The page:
Offord was constantly employed by Edward III in negotiations with the French and papal courts, for the first time on 6 Nov. 1334, when he was one of the commissioners for the renewal of the truce with France (Fœdera, ii. 898). On 26 Nov. 1335 he was made archdeacon of Ely. On 15 Nov. 1338 he was again a commissioner to treat with France, and in 1339-40 was employed on a mission to the pope to obtain a dispensation for the marriage of Hugh le Despenser (ib. ii. 1065, 1119). On 15 July 1341 Offord was once more a commissioner to treat with France, and in this capacity was ordered to attend at Aunteyn, near Toumay, on 3 Feb. 1342; later in the same year he was employed in Flanders and Brabant to conduct the negotiations with France in conjunction with Edward's allies in those quarters (ib. ii. 1168, 1185, 1191, 1196, 1199,1228). Previously to 4 Oct. 1342 Offord was appointed keeper of the privy seal, in which capacity he had on that date charge of the great seal (ib. ii. 1213). On 29 Aug. 1343 he was appointed to treat for peace before the pope, but on 29 Nov. the mission was postponed (ib. ii. 1232, 1239). On 2 Dec. Andrew Offord was despatched to the French and Roman courts to procure safe-conducts for his brother and the other commissioners who were going abroad about Easter (Mukimuth, pp. 152-3). On 11 April 1344 John Offord was made dean of Lincoln by the pope, who had been induced to confer the post on him by William Bateman, bishop of Norwich [q. v.] (ib. p. 167 ; Le Neve, ii. 32) ; he was admitted on 28 Aug. 1344, but was not installed till 11 Sept. 1345. On 3 Aug. Offord was again nominated one of the commissioners to go to the pope (Fœdera, iii. 18, 19), though from the account given by Murimuth (Chronicle, pp. 158-9) it would seem it was finally decided in a council held at London on 11 Aug. to send Offord and Sir Hugh Neville to the Roman court. They must have started immediately, for early in October despatches arrived from Offord at Avignon as to proposed ways of arranging peace (ib. p. 159). On 26 Oct. instructions were sent to Offord, who is now described as the king's secretary, to procure a dispensation for the Prince of Wales's marriage with a daughter of the Duke of Brabant (Fœdera, iii. 25). Neville returned to England at Christmas, but Offord remained at Avignon till the end of Lent, when, seeing that their negotiations would be fruitless, he and his coUeagne, William Bateman, left the papal court abruptly. Murimuth says that their departure was due to a suspicion that the proposed expedition of Luis de la Cerda to the Canary Islands was intended to be diverted against England. Offord reached England soon after Easter. At Michaelmas letters arrived from the pope, and a council, at which Offord was present, was summoned at Westminster on 16 Oct. to consider them. In the midst of the deliberations on 26 Oct. Offord was appointed chancellor, a post which for seven years previously had been held by laymen (Murimuth, p. 177). On 8 Nov. Offord was appointed to treat with the papal nuncio (Fœdera, iii. 02). On 1 July 1346 he was appointed to arrange with the merchants for loans for Edward's expedition to France (ib. iii. 84). After the death of Archbishop Stratford, Offord was papally provided to the see of Canterbury on 24 Sept. 1348. He received custody of the temporalities on 27 Nov., but before he had received the pall or consecration he died of the plague at Tottenham on 20 May 1349. He had retained the chancellorship till his death ; the seal was surrendered by his brother Andrew on 21 May (Fœdera, iii. 185). Offord was buried by night at Christchurch, Canterbury, on 7 June. Birchington describes him as a man of great eloquence and wary in counsel (Anglia Sacra, i. 42). William Dene says that at the time of his appointment to the archbishopric he was weak and paralytic, and that he owed his preferment to lavish bribery (ib. i. 118).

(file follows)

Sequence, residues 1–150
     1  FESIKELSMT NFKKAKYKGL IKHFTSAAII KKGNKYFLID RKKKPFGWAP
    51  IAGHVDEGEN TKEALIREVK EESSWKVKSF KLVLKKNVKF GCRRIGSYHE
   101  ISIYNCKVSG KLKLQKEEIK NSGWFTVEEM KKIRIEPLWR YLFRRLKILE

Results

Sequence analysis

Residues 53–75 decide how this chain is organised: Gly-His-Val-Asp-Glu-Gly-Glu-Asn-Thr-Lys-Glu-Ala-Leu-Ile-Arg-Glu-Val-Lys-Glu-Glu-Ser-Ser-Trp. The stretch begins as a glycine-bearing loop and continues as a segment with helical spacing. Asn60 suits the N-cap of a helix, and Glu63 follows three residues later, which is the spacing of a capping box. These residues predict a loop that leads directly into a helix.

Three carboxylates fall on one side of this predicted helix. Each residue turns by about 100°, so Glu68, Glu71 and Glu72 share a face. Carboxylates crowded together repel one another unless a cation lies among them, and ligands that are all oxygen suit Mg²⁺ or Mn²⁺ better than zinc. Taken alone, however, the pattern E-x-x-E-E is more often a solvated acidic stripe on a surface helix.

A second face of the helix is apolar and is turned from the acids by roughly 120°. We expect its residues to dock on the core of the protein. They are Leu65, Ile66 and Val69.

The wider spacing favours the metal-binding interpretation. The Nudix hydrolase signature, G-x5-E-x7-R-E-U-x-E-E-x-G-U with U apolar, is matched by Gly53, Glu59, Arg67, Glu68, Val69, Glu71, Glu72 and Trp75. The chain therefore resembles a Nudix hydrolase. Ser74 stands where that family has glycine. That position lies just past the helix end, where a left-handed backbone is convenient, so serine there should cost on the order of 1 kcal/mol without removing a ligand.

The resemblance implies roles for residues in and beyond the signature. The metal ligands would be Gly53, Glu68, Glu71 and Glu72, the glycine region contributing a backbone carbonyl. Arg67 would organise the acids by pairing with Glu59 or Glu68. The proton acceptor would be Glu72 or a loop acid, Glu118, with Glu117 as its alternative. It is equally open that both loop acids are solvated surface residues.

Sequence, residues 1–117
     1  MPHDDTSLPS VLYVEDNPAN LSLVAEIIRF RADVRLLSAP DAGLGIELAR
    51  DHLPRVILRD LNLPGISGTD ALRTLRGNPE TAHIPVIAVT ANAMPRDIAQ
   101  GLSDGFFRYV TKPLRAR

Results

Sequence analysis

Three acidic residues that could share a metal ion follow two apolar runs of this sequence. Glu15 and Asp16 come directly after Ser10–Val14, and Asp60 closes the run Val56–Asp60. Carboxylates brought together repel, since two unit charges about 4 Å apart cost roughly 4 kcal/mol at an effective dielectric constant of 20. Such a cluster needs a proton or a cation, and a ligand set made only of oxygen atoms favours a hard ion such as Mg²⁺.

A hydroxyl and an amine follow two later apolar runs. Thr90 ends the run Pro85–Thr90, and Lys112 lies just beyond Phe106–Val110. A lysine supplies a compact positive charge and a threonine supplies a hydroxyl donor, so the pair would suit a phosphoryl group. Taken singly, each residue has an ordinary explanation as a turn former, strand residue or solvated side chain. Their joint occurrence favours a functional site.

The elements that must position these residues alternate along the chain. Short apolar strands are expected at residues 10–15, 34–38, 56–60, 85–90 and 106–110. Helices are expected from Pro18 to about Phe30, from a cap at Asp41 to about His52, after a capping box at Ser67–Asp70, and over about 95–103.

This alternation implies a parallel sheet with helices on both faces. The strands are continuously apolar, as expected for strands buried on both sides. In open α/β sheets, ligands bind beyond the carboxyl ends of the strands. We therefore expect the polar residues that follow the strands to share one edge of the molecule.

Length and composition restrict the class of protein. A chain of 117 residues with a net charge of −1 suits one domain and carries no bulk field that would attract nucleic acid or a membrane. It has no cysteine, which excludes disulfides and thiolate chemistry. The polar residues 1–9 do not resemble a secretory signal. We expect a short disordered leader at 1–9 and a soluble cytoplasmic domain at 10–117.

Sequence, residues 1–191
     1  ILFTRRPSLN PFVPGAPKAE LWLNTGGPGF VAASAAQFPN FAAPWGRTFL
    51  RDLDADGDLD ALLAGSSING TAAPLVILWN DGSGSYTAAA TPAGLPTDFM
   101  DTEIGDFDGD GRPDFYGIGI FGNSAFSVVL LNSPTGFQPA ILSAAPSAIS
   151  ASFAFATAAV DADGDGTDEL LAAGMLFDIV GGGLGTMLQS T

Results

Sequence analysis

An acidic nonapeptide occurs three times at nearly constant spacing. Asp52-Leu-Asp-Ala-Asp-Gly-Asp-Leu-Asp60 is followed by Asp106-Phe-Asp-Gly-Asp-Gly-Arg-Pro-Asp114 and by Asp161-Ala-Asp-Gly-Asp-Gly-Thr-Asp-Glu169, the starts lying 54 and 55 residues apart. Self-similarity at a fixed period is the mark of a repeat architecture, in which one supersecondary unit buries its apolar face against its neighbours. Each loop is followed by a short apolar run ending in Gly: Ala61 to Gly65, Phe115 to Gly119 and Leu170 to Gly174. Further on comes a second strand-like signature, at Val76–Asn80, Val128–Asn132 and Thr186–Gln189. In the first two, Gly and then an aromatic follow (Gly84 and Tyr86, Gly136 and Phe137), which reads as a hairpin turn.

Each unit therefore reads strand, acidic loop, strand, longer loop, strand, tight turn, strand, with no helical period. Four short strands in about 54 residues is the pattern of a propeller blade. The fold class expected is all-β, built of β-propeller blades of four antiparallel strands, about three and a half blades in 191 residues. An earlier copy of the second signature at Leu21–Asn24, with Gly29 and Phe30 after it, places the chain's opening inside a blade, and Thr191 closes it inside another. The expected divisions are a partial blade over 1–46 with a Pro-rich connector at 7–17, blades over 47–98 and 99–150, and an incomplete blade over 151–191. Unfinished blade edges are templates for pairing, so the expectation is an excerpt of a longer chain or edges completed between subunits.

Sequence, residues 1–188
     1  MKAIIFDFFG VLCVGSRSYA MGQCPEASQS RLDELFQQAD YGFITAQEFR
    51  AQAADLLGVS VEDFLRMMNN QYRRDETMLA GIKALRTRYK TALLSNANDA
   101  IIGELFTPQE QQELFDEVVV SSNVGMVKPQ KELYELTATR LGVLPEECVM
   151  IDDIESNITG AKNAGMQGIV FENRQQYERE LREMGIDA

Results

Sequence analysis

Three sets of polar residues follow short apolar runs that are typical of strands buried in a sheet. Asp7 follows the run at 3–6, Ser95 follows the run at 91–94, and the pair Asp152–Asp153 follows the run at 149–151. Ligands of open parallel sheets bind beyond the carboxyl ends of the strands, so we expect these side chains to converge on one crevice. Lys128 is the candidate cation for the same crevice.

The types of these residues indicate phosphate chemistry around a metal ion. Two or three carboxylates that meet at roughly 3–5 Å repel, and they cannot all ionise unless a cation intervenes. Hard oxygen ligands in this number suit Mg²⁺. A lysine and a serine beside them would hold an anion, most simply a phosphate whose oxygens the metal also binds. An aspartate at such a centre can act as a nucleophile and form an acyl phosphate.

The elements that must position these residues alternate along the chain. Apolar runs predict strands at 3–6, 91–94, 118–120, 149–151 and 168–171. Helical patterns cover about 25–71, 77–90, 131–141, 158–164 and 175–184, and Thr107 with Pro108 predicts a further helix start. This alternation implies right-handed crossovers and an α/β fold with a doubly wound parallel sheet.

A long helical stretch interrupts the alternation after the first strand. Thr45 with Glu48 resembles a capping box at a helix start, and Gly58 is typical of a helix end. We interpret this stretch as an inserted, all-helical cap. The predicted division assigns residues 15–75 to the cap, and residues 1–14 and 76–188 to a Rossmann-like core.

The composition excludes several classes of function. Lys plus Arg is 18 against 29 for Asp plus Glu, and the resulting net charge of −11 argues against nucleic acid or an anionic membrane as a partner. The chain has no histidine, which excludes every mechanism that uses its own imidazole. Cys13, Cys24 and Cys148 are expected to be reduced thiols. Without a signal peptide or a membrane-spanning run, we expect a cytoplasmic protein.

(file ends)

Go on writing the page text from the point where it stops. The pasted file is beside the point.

[Murimuth's Chronicle (Rolls Ser.); Wharton's Anglia Sacra, i. 42, 60, 1 18, 794 ; Le Neve's Fasti Ecclesiæ Anglicanæ ; Fœdera (Record ed.) ; Foss's Judges of England, iii. 473-6 ; other authorities quoted.]